Reluctant DNR plans emergency deer feed
For the first time since 1997, the Minnesota Department of Natural Resources is releasing money from a special fund to feed wild deer across northeast Minnesota. With deer under stress because of extreme cold and deep snow in the northern part of...
For the first time since 1997, the Minnesota Department of Natural Resources is releasing money from a special fund to feed wild deer across northeast Minnesota.
With deer under stress because of extreme cold and deep snow in the northern part of the state, DNR officials said they will release $170,000 from a fund that’s stocked with a 50-cent surcharge on all state deer hunting licenses.
The emergency feed will be distributed in areas that are below the DNR’s goal for deer population and that have a “winter severity index” - a measurement of deep snow and bitter cold nights that put deer at risk of starvation - of 100 or above.
Several areas in the Arrowhead already are above 120 on the scale, with several weeks of winter still to come.
It’s not yet clear how the money or commercial deer feed will be doled out, said Paul Telander, the DNR’s wildlife chief.
“We’re still working on the details, but we expect the lion’s share of work to be done by the Minnesota Deer Hunters Association chapters,” Telander said.
It’s likely to be two to three weeks before any of the feed makes it into the woods for deer to eat, he said.
The area of concern includes much of St. Louis, Lake, Cook, Koochiching, Itasca, Aitkin and Carlton counties - roughly north and east of a line from Cloquet to Cass Lake and up to International Falls, Minn. - but not the North Shore, where deer populations are at or above the DNR’s goals.
The feeding area doesn’t include northwest Minnesota.
The issue is controversial, with DNR wildlife managers saying they still oppose the idea of feeding wild deer. Yet some of the state’s 500,000 deer hunters are pressuring the agency into using the money for the purpose it was collected. The fund currently holds about $770,000, Telander said.
“We still strongly believe that feeding deer is not necessary, that it doesn’t have a significant impact on the overall deer population and that it can have a detrimental effect due to the spread of disease,” Telander said, noting that unhealthy deer may come face to face with healthy animals at food piles.
Telander noted the DNR has spent $10 million over the past decade fighting bovine tuberculosis and chronic wasting disease in Minnesota’s wild deer herds and that deer feeding could rekindle those diseases.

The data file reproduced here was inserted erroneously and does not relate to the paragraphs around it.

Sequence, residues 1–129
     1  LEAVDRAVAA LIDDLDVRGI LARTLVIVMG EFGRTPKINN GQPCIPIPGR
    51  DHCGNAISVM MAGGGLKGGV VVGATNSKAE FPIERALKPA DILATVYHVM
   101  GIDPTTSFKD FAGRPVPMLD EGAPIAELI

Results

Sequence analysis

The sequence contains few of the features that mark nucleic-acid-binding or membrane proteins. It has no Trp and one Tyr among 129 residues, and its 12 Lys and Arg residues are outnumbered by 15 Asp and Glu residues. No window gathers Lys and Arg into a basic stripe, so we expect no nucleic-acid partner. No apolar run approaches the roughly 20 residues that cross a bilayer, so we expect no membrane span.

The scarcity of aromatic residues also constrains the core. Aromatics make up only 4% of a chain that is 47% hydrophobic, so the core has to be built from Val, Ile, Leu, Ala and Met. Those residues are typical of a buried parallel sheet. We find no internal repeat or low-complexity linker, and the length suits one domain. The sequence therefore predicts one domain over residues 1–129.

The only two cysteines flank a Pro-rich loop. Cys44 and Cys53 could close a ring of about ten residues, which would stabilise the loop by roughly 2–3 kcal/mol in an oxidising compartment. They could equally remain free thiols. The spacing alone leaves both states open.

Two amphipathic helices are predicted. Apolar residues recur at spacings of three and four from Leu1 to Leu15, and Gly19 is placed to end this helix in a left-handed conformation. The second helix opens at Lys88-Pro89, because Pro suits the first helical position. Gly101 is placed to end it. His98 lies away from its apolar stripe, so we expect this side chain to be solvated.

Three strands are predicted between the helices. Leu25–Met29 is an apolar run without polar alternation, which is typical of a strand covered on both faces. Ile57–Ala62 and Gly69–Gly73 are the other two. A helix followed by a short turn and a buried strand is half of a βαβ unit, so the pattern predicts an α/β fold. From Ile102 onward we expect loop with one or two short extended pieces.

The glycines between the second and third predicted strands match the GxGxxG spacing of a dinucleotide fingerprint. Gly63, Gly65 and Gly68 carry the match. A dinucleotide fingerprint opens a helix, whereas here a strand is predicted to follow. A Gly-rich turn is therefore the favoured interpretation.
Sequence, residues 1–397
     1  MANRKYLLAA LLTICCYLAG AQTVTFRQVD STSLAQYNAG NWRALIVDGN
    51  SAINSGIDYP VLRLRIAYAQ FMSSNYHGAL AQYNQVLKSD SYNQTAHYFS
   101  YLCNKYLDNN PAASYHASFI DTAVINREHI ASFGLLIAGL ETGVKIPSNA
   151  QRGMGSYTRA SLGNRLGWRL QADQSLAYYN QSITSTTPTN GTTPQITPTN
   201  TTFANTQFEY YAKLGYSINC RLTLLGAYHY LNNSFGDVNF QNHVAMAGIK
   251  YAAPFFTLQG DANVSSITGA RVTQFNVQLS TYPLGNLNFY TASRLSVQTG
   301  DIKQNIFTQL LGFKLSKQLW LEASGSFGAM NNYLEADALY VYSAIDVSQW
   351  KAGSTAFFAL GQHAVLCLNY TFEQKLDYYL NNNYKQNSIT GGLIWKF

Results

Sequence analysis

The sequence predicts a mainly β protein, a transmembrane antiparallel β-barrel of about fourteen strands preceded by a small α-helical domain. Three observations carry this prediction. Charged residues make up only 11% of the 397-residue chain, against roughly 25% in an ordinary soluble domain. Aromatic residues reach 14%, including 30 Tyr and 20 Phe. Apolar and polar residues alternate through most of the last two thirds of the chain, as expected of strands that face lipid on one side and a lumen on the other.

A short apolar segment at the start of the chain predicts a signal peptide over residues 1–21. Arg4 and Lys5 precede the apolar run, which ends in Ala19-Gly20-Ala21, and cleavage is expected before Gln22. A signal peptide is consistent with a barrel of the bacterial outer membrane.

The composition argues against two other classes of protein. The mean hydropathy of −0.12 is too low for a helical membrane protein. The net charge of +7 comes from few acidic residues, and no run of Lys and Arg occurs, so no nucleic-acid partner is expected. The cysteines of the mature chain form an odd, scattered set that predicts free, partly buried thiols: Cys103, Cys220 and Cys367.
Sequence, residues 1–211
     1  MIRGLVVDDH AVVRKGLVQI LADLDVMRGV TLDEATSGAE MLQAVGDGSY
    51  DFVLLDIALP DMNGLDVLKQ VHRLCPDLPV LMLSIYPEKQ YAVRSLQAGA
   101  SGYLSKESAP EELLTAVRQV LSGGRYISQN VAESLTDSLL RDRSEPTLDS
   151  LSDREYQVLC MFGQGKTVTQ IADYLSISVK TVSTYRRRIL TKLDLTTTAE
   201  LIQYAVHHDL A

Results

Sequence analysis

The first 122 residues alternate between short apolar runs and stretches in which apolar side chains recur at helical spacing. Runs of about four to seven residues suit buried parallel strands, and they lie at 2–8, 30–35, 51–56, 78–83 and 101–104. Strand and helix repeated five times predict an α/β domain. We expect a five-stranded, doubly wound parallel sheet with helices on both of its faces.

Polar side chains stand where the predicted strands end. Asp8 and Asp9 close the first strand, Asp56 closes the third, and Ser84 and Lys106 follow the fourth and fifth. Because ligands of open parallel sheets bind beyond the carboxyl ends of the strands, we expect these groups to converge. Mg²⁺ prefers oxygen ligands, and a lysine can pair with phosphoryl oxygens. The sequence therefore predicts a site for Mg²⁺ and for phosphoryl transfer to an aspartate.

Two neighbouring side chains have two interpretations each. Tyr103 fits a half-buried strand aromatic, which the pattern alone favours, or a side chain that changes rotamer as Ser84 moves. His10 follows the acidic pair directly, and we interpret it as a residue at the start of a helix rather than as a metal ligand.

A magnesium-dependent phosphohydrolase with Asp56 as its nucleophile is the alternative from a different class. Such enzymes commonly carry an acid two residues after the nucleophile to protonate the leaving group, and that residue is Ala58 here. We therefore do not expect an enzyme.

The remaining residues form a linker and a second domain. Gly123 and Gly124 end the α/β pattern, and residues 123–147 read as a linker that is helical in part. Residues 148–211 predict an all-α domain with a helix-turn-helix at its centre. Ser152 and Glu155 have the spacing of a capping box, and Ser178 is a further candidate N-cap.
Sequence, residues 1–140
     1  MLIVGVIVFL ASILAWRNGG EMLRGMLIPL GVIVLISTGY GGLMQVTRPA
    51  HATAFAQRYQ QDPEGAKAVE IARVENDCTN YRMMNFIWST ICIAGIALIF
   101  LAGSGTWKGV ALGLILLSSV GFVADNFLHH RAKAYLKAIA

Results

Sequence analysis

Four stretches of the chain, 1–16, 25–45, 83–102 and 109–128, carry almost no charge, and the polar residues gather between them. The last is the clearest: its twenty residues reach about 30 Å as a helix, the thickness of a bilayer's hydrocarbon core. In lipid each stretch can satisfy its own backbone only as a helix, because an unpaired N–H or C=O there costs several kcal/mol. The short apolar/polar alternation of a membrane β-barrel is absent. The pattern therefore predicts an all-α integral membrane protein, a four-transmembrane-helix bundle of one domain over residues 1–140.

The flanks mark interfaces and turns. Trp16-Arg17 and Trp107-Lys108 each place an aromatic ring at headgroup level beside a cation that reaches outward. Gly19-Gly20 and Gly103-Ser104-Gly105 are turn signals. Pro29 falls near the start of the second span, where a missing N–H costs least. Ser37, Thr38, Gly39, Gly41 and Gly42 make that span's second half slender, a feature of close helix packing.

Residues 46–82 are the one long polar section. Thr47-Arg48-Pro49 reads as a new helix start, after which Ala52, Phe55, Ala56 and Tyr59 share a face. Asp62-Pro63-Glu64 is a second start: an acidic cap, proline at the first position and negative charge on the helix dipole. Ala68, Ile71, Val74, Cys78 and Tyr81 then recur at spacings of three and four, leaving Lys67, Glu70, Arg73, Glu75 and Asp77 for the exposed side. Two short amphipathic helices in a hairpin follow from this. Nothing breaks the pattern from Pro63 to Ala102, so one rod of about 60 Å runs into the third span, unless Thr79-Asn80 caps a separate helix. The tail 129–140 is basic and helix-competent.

Others, including those who say a high deer population hinders northern forest growth, such as white pine regeneration, insist deer numbers should be allowed to crash following natural cycles.
But Mark Johnson, executive director of the 16,000-member Minnesota Deer Hunters Association, said his members have been lobbying the DNR to release the deer feeding money for the past couple of weeks. He said DNR Commissioner Tom Landwher conceded Wednesday morning.
“I don’t disagree with any of the reasons DNR doesn’t like emergency deer feeding,” he said. “But, in the same breath, that money was collected and set aside for this purpose, and a lot of my members in northern Minnesota think it’s time to use it.”
Johnson said that deer this winter are more likely to starve than die from disease, and that he’s already heard reports of deer dying, apparently due to the severe winter.
The DNR and MDHA officials will be working with the groups’ 62 chapters to recruit volunteers to distribute the feed. Johnson agreed with Telander that it may be March before a system is in place to get food into the forest.
The 50-cent license surcharge was added by state lawmakers after back-to-back severe winters in 1996 and 1997 led to a major reduction in the northern deer herd. A massive food distribution effort was attempted in 1997, with the DNR giving bags of feed to anyone who wanted to feed deer. But officials later said the feed reached very few wild deer despite a massive distribution effort. The fund was later expanded to allow money to be spent on deer health issues, such as diseases.
Telander said despite few deer reaching the food in 1997, the northern deer herd rebounded to its previous level within two years and rose to all-time record high populations within five years of the severe winters.
“Deer are extremely resilient at rebuilding their numbers, which is one reason why feeding isn’t needed,” Telander said. “But we have to act in good faith with hunters who paid into this fund. We’re going to get this done as best as we can.”
Telander and Johnson said the feeding effort will have to continue at least through March and likely into April until snow has melted and deer have access to newly sprouting greenery in the woods.